The life-sized Hiawatha Statue located at Minnehaha falls was originally cast in bronze by Jakob Fjelde for the Chicago World’s Fair in 1893. Later, Mrs. L.P. Hunt of Mankato Minnesota organized an effort with school children to buy the statue with pennies and it was moved here in 1912. The Hiawatha Statue depicts the mighty leader carrying his lover Minnehaha and was placed on a small island in the river. The plaque near the statue reads “Over wide and rushing rivers, In his arms he bore the maiden”. A second Tuscan-style epergne fountain was donated and placed nearby in 1994. Another hidden piece of art called A Mask of Chief Little Crow is positioned closer to Minnehaha Falls. The mask commemorates the chief, who was killed in the year following the 1862 Dakota conflict, and is in an area considered to be sacred to American Indians.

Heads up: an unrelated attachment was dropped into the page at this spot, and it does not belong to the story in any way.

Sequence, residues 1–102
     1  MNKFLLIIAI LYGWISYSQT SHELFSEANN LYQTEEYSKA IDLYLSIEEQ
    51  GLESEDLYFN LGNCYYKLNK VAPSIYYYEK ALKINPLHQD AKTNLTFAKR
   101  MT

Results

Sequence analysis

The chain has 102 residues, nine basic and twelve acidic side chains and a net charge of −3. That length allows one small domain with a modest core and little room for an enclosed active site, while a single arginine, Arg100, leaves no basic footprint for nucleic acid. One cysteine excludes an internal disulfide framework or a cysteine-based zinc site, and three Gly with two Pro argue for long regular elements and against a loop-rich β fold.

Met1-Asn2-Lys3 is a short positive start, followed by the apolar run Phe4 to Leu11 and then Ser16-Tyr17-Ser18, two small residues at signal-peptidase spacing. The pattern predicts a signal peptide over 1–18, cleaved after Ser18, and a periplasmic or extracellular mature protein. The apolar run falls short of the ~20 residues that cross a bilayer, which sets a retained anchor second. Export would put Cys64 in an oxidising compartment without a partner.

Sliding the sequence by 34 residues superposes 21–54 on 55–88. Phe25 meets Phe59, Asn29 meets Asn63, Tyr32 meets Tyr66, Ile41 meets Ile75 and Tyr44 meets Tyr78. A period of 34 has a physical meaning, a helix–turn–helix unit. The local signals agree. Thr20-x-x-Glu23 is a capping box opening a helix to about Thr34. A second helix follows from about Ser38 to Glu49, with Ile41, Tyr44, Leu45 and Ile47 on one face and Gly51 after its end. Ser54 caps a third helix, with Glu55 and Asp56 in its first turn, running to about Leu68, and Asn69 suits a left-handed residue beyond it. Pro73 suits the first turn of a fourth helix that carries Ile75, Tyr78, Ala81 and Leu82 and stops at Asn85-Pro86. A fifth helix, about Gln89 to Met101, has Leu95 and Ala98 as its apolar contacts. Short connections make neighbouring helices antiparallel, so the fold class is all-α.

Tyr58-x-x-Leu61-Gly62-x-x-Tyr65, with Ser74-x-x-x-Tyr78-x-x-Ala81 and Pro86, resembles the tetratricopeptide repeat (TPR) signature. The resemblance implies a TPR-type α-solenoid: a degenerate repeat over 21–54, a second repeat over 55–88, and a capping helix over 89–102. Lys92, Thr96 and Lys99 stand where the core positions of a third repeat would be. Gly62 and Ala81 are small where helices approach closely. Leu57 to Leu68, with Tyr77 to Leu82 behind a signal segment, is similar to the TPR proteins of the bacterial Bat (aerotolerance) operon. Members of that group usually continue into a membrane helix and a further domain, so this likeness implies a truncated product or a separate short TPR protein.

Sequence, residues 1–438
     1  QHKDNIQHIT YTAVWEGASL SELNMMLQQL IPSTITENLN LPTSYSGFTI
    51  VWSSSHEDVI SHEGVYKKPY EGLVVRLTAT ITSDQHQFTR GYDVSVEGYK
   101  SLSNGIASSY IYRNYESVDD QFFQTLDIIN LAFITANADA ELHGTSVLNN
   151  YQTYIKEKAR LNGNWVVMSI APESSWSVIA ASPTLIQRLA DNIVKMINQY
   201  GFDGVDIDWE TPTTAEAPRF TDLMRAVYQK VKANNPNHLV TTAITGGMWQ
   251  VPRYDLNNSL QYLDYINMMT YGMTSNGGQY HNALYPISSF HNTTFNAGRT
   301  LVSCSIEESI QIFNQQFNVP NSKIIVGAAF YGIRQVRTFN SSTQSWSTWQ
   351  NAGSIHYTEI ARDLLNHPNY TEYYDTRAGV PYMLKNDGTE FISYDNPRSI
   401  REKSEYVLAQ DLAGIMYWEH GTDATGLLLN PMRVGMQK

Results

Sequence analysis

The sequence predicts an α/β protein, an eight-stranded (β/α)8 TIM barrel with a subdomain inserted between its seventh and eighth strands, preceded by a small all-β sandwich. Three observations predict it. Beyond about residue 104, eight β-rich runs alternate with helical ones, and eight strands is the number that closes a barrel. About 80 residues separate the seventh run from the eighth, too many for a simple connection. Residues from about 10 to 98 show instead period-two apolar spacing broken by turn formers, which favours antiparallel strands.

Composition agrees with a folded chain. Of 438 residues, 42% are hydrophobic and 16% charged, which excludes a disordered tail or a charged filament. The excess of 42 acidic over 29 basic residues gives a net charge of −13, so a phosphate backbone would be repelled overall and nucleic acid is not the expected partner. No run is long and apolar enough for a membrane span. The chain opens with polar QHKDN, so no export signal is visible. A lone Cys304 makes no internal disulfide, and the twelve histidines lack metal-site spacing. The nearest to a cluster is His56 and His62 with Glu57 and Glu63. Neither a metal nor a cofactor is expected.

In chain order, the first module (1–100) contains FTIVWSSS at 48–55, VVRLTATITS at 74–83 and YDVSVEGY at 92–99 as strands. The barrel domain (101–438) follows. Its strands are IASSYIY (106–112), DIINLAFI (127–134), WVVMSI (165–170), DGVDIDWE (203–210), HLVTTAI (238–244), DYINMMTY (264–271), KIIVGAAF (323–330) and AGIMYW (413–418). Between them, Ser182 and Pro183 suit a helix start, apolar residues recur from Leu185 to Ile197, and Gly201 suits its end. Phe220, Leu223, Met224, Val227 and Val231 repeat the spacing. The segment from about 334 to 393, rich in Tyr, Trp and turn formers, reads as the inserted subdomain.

5. Sea Salt Eatery:
About Sea Salt Eatery: There is a cozy beer garden right next to Minnehaha Falls called Sea Salt Eatery which we highly recommend. They are well known for having a wide selection of fresh sea food and Cajun flair mixed with other light eats. When typically stop by at least for some ice cream and either a local beer or sangria. It is about as close to an outdoor European beer garden as Minneapolis has to offer and you’ll be glad you stopped by. Hours: April-Memorial Day 11am-8pm; Memorial Day-Labor Day 11am-9pm; Labor Day-October 11am-8pm; Closed for Winter. Website: Here.
6. Longfellow House & Gardens:
About The Longfellow House: In the early 1900s, former fish market operator Robert Fremont “Fish” Jones built Longfellow Amusement Park here which was named after one of his favorite American authors Henry Wadsworth Longfellow. The park’s location near the Falls was a fitting as the poet had immortalized Minnehaha and the story of Hiawatha in his 1855 poem The Song of Hiawatha. You may remember this story from our details on the statue above, but the story of Fish Jone’s amusement park is also a good one.